Knights of the Sea: Reminiscent of Gaiman’s lighter works

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fantasy book reviews science fiction book reviewschildren's fantasy book reviews The Wellborn Conspiracy 2. Knights of the SeaKnights of the Sea by Paul Marlowe

I was first drawn to Knights of the Sea by the hilarious cover art. Now, having read the book, I can say two things: First, the art is accurate! Every element of the cover design — wolf, capsized boat, ghostly damsel, and lemon — is present in the plot. Second, the book is just as funny as the cover, and in a very good way.

In the previous The Wellborn Conspiracy book, Sporeville, Elliott Graven made a powerful enemy in the dastardly Professor Strange. As Knights of the Sea begins, he survives a murder attempt by one of Strange’s henchmen. He then arrives for a visit with his lycanthropic sweetheart, Paisley, hoping for a peaceful and idyllic summer to take his mind off mortal danger for a while. Instead, he finds that Paisley is smitten by a dashing German submarine builder and that yet another deadly plot is in the works.

Knights of the Sea begins with a brief summary of Sporeville, which serves two purposes: it’s funny, and it infodumps-without-infodumping, bringing readers up to speed on previous events without interrupting the story proper to do so. This is followed by a Dramatis Personae. This too is humorous, and provides a handy reference when the large cast becomes a little unwieldy to hold in one’s brain.

The drily hilarious tone continues throughout the novel. As an example, in the following passage Elliott is trying to decide how to introduce himself to a new acquaintance:

“Mrs Anna Leonowens. I am organizing the new Victoria School of Arts.”

Too late, Elliott realized he would be expected to introduce himself, now. His mind went blank. In its dark, aching recesses, only ridiculous false names appeared. Nemo Jimmerson. No. Montagu…. Van Buren. No, that would be as bad as using his real name. Desperately, he smiled and scanned the Chronicle. The smile seemed to worry Mrs Leonowens.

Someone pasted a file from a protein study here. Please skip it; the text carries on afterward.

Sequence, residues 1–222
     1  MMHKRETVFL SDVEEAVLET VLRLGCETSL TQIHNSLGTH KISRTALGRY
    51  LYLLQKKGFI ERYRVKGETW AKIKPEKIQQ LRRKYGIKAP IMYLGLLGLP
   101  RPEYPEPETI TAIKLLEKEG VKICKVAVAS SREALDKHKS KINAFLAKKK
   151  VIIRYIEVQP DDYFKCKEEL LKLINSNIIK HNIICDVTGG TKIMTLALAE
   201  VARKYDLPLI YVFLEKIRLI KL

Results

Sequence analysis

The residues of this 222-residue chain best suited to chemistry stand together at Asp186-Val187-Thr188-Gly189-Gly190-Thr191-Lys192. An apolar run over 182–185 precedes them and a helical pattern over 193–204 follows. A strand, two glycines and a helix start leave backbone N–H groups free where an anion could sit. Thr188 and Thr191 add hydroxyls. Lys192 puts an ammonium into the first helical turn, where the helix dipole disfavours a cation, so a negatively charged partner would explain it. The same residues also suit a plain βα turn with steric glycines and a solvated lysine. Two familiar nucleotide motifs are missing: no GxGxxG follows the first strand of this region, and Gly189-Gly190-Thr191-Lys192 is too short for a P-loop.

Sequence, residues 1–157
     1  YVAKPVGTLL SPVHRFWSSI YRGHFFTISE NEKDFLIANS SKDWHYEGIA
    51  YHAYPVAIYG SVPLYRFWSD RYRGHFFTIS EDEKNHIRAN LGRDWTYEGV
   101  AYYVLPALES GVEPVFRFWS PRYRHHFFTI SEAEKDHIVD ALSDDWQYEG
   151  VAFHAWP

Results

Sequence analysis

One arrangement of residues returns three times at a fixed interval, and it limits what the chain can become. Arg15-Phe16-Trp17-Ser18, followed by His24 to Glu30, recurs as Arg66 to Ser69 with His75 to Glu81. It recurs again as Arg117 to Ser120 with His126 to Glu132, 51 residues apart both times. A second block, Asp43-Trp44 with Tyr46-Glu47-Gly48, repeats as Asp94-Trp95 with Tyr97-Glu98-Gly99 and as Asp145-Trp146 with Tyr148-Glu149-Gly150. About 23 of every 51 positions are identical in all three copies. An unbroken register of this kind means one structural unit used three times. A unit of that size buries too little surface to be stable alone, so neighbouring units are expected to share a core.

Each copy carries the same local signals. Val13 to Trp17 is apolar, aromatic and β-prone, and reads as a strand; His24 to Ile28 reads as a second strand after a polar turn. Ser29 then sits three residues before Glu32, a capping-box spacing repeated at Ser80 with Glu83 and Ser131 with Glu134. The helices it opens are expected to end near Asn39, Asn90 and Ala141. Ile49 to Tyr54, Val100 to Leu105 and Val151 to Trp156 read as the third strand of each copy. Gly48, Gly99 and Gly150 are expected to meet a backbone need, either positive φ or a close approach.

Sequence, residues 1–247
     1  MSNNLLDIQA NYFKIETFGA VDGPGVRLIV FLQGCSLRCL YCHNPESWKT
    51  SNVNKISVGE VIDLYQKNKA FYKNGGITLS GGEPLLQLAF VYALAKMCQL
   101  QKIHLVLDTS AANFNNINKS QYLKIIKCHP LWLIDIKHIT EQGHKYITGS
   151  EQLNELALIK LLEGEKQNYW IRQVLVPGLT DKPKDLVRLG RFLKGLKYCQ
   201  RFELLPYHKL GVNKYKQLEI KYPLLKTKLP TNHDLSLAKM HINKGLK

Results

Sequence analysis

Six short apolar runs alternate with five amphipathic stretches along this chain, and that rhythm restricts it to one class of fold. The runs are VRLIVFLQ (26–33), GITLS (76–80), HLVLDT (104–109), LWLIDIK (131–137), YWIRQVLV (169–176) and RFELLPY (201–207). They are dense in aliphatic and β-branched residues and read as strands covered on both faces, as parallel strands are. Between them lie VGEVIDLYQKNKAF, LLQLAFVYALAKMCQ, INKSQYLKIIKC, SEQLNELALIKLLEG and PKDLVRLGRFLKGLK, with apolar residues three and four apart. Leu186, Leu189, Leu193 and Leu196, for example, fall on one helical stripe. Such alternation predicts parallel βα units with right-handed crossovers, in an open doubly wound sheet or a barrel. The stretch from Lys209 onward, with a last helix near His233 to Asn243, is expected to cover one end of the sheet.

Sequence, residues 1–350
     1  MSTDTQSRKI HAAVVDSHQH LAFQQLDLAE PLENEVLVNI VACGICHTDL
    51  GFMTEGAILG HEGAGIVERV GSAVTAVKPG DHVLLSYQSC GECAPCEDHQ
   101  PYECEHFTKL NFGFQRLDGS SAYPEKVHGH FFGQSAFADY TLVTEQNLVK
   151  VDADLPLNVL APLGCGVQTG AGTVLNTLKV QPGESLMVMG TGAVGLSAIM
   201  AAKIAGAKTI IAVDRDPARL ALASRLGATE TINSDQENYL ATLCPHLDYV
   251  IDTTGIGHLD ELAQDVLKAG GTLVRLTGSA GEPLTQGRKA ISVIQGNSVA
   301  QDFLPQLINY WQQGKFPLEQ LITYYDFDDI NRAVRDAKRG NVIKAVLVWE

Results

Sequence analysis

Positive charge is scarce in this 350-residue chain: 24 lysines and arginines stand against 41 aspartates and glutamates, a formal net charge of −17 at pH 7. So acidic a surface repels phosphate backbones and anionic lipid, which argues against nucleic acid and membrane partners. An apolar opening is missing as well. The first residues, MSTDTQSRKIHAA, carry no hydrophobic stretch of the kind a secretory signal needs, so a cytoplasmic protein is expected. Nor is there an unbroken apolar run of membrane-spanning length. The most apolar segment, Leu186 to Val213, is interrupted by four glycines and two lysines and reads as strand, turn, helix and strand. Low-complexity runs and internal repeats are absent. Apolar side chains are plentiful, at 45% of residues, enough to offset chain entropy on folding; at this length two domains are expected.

His eye alighted on ‘William Fielding.’ That sounded like a real name. Of course, it probably was. It was in the paper. Wait. No. Impersonating the premier might only make matters worse. Especially as Fielding wasn’t very popular at the moment, having failed to fulfil his election promise of seceding from the country.

Paul Marlowe’s style of humor is reminiscent of Neil Gaiman’s lighter works. When Elliott finds himself getting inadvertently drunk, it’s easy to imagine that Benjamin Lassiter is sitting a few barstools down, ordering a ploughman’s, and that in that corner over there, Crowley would be taunting Aziraphale with the dearth of good movies in Heaven, had movies been more fully invented at the time.

As this is a fantasy website, I should mention that the fantasy elements are slight, consisting mainly of the inclusion of two werewolf characters and one ghost. However, if you enjoy dry wit, Victoriana/steampunk elements, and plucky teenagers saving the world, you’ll probably like Knights of the Sea. It’s an tale of high adventure that takes a humorous look at… well, pretty much everything, from politics to romance to lycanthropy. Give it a shot if you liked Stardust or Good Omens.

(2007) Young adult. Publisher: Elliott Graven was prepared to be bored by his new town, and prepared to be annoyed by it. After all, it was a run-down fishing village in the back woods, and moving there suddenly had been his father’s idea, not Elliott’s. But he wasn’t prepared for the sleepwalkers. Or the mushrooms. Or the jars of eyes. At least the werewolves seemed to be on his side…

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KELLY LASITER, with us since July 2008, is a mild-mannered academic administrative assistant by day, but at night she rules over a private empire of tottering bookshelves. Kelly is most fond of fantasy set in a historical setting (a la Jo Graham) or in a setting that echoes a real historical period (a la George RR Martin and Jacqueline Carey). She also enjoys urban fantasy and its close cousin, paranormal romance, though she believes these subgenres’ recent burst in popularity has resulted in an excess of dreck. She is a sucker for pretty prose (she majored in English, after all) and mythological themes.

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